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A variety of behavioural and electrophysiological studies agree that the onset of functional binocular interaction in human visual cortex normally occurs between 10 and 16 weeks of age. Measures of sensitivity to binocular correlation and to disparity agree closely, and behavioural and visual evoked potential measures on the same infant show onset of binocularity within about a 2 week range. Beyond the initial onset, the maximum disparity to which infants are sensitive increases steadily and stereoacuity is found to increase very rapidly. The initial development of binocularity does not appear to be a consequence of improving alignment of the eyes and occurs even in the presence of strabismus. However, the connections subserving binocularity are plastic in early childhood; they can be disrupted by unilateral strabismus, although in some strabismic children who use both eyes for fixation, they can adapt to serve stereo function at the angle of deviation and re-adapt, albeit temporarily, to the surgical alignment of the eyes. These findings allow us to pose some as yet unanswered questions about the development of binocularity, including: How is the infant's visual system organised before the establishment of binocularity? How does the pre-binocular infant maintain vergence? And what neural changes underlie the increase in performance for small and large disparities following the initial onset of binocular function?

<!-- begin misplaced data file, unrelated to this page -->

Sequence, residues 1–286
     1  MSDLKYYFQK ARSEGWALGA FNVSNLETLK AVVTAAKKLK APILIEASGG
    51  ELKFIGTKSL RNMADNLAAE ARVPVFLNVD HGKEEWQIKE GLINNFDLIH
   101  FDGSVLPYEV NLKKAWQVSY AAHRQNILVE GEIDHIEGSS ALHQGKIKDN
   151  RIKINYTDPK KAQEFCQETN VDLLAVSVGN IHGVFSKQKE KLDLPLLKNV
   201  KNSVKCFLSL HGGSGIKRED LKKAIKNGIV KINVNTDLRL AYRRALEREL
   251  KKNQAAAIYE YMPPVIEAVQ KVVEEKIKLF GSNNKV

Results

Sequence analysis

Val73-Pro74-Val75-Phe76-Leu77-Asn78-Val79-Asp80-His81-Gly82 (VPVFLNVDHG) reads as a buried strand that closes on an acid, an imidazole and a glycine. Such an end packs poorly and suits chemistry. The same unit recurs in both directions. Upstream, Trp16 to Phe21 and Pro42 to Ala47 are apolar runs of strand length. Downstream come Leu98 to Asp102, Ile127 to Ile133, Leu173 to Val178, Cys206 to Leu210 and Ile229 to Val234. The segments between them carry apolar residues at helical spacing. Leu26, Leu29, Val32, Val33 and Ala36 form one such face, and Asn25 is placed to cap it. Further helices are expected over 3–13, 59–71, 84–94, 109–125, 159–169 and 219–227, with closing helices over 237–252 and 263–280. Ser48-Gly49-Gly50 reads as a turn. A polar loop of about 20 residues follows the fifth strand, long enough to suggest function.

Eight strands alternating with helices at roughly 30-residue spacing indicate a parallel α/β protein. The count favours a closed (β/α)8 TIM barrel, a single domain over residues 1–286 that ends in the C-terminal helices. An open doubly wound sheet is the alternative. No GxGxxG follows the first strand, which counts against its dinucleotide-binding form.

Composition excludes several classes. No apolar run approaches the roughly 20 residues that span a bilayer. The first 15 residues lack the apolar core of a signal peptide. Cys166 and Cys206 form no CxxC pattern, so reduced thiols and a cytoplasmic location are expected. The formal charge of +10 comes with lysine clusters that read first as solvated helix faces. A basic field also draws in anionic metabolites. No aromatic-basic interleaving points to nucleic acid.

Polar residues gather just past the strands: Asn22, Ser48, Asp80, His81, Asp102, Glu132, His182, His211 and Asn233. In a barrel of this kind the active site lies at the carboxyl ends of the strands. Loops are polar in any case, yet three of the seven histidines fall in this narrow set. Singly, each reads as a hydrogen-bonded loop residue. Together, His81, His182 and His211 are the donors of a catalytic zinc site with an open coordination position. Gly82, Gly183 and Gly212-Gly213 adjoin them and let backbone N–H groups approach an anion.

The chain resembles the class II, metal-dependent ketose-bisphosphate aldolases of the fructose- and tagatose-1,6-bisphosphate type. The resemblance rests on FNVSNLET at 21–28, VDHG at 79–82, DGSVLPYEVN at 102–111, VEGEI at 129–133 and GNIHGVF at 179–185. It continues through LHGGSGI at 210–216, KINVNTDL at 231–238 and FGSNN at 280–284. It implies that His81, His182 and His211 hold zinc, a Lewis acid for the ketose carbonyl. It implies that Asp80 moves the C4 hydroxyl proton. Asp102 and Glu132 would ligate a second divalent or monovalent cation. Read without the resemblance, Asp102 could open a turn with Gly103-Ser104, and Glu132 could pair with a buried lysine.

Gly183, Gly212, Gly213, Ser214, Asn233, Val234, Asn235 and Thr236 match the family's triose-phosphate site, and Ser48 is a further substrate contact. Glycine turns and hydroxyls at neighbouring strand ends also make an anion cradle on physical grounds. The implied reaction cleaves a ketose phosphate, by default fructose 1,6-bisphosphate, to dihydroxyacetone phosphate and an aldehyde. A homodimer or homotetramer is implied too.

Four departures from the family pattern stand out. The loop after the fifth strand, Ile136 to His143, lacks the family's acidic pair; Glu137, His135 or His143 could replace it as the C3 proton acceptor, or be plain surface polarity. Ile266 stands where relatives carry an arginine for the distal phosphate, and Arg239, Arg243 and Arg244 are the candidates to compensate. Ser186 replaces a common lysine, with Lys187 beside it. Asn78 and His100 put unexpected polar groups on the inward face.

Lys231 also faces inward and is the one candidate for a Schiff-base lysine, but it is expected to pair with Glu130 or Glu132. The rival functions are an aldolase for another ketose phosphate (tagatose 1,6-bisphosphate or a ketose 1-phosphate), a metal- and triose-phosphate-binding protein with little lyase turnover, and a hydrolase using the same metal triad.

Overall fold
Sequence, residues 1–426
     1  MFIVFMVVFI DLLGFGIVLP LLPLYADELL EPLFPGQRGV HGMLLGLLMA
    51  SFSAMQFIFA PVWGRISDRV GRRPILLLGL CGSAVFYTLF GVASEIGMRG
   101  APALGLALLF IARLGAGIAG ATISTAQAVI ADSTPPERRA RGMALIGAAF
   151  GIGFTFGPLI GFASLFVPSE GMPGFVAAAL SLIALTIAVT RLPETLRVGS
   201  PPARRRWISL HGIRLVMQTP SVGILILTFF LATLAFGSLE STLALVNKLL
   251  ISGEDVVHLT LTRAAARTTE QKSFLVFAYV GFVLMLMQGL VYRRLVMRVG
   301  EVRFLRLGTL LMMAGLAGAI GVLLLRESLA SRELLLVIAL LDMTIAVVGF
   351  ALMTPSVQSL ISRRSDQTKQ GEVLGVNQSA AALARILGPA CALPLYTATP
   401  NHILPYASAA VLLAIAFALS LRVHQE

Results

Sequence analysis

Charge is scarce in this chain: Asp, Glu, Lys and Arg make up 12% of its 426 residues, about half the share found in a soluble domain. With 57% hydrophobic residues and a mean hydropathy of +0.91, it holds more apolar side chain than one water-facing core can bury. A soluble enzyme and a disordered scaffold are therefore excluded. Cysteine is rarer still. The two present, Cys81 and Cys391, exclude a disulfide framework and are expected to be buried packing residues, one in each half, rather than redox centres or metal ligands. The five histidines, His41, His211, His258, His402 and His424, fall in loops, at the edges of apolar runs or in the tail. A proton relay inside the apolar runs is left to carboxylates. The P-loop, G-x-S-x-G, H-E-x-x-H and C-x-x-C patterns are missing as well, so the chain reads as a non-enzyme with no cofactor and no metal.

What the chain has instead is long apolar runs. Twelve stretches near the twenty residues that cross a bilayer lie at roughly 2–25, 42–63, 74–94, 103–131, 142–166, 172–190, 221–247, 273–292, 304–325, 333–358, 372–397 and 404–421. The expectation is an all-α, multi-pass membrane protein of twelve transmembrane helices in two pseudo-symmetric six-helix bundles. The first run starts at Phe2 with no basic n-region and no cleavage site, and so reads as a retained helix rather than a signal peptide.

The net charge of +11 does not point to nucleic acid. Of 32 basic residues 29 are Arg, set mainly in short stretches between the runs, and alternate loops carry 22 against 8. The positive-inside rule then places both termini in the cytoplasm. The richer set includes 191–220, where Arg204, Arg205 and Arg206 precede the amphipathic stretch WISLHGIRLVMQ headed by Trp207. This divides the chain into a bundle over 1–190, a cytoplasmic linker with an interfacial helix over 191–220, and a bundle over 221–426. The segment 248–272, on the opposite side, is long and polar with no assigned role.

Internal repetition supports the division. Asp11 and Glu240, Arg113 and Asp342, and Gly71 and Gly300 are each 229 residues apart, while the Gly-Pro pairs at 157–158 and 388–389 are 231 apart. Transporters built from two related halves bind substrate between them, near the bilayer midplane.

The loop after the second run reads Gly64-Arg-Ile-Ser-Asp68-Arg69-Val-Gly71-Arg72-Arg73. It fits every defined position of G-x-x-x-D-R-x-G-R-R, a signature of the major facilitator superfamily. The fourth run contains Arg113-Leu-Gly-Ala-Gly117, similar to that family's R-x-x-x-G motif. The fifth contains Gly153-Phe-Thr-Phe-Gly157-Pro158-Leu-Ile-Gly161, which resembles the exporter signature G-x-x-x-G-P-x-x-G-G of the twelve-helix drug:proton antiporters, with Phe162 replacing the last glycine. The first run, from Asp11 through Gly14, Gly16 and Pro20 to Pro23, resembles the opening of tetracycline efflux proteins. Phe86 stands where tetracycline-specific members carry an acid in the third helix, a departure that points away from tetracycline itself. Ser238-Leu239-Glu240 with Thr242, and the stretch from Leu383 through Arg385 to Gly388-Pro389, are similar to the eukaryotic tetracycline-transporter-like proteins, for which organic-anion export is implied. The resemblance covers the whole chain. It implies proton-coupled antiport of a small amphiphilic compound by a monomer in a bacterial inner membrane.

Original publication




Journal article


Eye (Lond)

Publication Date



10 ( Pt 2)


182 - 188


Aging, Child, Preschool, Depth Perception, Evoked Potentials, Visual, Humans, Infant, Strabismus, Vision, Binocular, Visual Cortex